Liberty Global Sales Beat Estimates on New Customers in Europe

  • Sales rose 2.2%, analysts anticipated a small decline
  • Liberty Global turns toward expansion in Latin America

Liberty Global Plc reported a surprising rise in third-quarter revenue, driven by growth in the U.K. and Germany, as billionaire chairman John Malone’s strategy to consolidate the European cable market paid off.

Sales rose 2.2 percent to $4.6 billion from a year earlier, the London-based company said Thursday in a statement. Analysts had predicted revenue would slightly decline to $4.47 billion on average, according to data compiled by Bloomberg. Liberty Global said it had record customer growth in the U.K. of 42,000 in the quarter and another 14,000 in Germany, bringing the company’s total customer base to 25.8 million.

Liberty Global has been seeking growth from broadband subscriptions as streaming and on-demand TV services edge out traditional TV viewing. The company, which called off formal talks for an asset-swap with Vodafone Group Plc in September, is looking for ways to expand in Latin America and said last month it was in talks to buy Cable & Wireless Communications Plc to increase its reach in the Caribbean.

Still, Liberty Global lost 18,000 subscribers in the Netherlands and said the fourth quarter for its Dutch business Ziggo would remain challenging. Ziggo lost 87,000 subscribers in the second quarter. Liberty Global, which bought Ziggo last year for 4.9 billion euros ($5.3 billion) has been losing Internet and cable customers to rival Royal KPN NV, which added 33,000 broadband and 55,000 IPTV subscribers in the quarter.

Liberty Global has also invested in TV-show production and mobile-phone services as new sources of revenue after spending more than $50 billion consolidating cable operations in from Hungary to Germany to the U.K. over the past decade.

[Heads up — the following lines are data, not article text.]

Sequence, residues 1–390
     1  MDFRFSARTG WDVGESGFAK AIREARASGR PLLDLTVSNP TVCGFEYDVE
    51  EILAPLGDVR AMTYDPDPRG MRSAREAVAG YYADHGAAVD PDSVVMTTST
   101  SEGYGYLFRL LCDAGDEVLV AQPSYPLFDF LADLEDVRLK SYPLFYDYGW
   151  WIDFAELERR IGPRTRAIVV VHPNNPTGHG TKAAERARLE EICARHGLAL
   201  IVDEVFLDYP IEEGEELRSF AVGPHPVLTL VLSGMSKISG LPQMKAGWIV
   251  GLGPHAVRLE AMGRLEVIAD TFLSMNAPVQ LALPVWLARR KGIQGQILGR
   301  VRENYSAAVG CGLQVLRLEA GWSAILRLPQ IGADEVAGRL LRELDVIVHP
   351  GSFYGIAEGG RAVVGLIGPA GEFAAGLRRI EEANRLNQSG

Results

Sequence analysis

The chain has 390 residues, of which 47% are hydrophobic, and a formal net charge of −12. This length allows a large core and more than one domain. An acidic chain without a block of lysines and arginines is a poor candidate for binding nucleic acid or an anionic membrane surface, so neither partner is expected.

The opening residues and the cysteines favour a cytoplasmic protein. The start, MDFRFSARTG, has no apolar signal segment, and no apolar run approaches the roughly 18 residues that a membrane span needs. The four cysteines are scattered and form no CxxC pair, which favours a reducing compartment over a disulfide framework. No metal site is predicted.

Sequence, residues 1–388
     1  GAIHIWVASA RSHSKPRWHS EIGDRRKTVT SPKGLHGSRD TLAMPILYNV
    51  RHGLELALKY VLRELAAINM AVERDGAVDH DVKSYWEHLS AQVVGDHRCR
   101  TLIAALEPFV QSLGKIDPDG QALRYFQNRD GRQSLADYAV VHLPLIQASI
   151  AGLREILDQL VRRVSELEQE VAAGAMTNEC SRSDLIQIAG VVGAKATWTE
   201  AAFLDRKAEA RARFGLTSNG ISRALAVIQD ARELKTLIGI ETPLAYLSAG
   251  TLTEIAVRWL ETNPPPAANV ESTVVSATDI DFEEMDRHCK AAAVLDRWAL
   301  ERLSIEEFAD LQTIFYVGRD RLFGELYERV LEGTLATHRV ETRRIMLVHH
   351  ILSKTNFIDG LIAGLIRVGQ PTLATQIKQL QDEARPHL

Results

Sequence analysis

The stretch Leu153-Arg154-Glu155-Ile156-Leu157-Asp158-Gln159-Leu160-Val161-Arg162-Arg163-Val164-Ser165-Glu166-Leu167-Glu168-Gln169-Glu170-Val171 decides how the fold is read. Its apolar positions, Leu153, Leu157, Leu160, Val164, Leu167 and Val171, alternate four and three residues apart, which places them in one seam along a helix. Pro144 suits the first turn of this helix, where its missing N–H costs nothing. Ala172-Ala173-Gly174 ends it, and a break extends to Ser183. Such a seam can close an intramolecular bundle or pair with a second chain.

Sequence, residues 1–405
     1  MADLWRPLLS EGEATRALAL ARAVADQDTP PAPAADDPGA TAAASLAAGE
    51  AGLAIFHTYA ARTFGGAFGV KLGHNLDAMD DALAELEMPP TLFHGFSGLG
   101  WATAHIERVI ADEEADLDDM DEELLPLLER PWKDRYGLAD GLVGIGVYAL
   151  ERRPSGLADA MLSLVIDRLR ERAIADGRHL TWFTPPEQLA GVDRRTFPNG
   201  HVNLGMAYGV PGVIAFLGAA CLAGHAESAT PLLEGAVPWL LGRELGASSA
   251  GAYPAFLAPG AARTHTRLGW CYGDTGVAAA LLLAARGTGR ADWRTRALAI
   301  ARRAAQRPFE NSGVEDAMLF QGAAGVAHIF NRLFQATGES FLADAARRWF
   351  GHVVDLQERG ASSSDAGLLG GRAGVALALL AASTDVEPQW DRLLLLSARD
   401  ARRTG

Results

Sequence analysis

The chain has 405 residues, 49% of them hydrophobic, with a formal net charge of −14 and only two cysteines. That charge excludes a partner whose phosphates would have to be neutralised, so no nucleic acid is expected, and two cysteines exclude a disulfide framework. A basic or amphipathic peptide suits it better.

Talks over a potential cash-and-stock deal with Cable & Wireless may also precede a spinoff of Liberty Global’s Latin America unit, people familiar with the plan have said. In July, Liberty Global created a tracking stock called LiLAC for its existing assets in Latin America and the Caribbean that gives Malone a new balance sheet from which to start consolidating local assets, analysts have said.

Liberty Global currently has operations in the Americas in countries such as Chile and in Puerto Rico, which accounted for less than 7 percent of revenue last year. For the third quarter, revenue at LiLAC operations increased 3 percent to $309 million, the company said.

News of talks with Cable & Wireless have also extinguished last hopes Malone would find common ground for a combination of sorts with Vodafone. While the billionaire had maintained Vodafone’s assets in Europe would be attractive, he’s said the two companies have different corporate cultures that would make a combination difficult.

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